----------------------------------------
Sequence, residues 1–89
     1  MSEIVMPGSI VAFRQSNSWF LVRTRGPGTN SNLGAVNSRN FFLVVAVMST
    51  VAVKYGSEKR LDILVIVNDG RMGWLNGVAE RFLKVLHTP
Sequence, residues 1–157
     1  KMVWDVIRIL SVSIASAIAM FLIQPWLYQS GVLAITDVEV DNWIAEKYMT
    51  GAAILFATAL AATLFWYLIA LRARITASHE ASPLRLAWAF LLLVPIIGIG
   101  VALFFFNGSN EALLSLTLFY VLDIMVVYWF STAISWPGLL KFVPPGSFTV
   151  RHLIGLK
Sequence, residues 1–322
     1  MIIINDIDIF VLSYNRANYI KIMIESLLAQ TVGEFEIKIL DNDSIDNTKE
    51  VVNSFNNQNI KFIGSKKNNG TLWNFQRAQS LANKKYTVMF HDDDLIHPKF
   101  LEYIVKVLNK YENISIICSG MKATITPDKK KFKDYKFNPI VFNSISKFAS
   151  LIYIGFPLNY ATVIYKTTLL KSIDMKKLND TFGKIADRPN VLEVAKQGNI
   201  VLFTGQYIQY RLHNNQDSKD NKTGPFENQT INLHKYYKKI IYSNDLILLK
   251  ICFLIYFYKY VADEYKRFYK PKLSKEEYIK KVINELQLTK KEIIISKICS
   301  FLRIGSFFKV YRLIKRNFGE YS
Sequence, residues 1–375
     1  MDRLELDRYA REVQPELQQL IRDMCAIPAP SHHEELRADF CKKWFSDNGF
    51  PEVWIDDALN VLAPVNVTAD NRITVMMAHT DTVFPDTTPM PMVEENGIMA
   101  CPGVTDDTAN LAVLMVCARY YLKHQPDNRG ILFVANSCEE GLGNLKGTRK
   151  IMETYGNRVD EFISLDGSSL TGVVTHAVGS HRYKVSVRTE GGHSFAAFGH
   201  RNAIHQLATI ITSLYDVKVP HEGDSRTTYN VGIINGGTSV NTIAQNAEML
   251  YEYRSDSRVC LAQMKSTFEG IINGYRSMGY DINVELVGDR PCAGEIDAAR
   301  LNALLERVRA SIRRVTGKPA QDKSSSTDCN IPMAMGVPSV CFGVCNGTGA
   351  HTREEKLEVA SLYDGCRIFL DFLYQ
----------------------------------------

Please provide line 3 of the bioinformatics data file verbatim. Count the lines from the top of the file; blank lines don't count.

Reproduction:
    51  VAVKYGSEKR LDILVIVNDG RMGWLNGVAE RFLKVLHTP